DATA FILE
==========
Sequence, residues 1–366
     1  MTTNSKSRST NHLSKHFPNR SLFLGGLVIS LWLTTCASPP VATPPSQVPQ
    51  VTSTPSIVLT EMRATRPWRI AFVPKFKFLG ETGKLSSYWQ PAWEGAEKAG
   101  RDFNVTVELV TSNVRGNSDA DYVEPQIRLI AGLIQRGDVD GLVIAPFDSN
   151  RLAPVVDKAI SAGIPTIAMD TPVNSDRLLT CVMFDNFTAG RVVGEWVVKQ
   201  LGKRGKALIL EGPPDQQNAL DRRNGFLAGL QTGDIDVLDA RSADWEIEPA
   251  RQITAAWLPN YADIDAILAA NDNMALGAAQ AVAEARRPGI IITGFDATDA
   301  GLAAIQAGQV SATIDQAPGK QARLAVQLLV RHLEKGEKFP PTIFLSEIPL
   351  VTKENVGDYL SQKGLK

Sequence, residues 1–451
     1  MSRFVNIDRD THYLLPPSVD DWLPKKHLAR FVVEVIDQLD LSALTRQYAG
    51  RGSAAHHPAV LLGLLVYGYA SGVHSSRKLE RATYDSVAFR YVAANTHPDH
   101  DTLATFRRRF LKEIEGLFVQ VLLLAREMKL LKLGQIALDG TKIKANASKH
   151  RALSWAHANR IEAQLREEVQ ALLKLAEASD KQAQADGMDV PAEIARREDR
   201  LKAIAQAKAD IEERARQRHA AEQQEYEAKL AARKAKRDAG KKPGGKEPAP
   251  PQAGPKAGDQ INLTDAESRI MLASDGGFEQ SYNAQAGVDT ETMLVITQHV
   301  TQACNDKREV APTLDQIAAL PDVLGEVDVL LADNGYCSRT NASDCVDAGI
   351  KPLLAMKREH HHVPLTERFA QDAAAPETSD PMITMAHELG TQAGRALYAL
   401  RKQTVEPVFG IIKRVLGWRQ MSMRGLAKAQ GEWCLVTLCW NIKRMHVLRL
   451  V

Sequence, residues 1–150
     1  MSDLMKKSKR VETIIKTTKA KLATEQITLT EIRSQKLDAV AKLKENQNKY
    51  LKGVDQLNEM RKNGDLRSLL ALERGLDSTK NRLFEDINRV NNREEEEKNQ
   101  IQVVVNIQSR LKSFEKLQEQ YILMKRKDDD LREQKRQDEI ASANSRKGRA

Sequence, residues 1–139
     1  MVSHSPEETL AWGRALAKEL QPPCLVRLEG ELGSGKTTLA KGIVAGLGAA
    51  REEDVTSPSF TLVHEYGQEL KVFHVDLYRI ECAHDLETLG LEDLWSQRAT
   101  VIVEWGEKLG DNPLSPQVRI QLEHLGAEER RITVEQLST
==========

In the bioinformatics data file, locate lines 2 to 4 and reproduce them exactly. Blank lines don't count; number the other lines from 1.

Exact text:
     1  MTTNSKSRST NHLSKHFPNR SLFLGGLVIS LWLTTCASPP VATPPSQVPQ
    51  VTSTPSIVLT EMRATRPWRI AFVPKFKFLG ETGKLSSYWQ PAWEGAEKAG
   101  RDFNVTVELV TSNVRGNSDA DYVEPQIRLI AGLIQRGDVD GLVIAPFDSN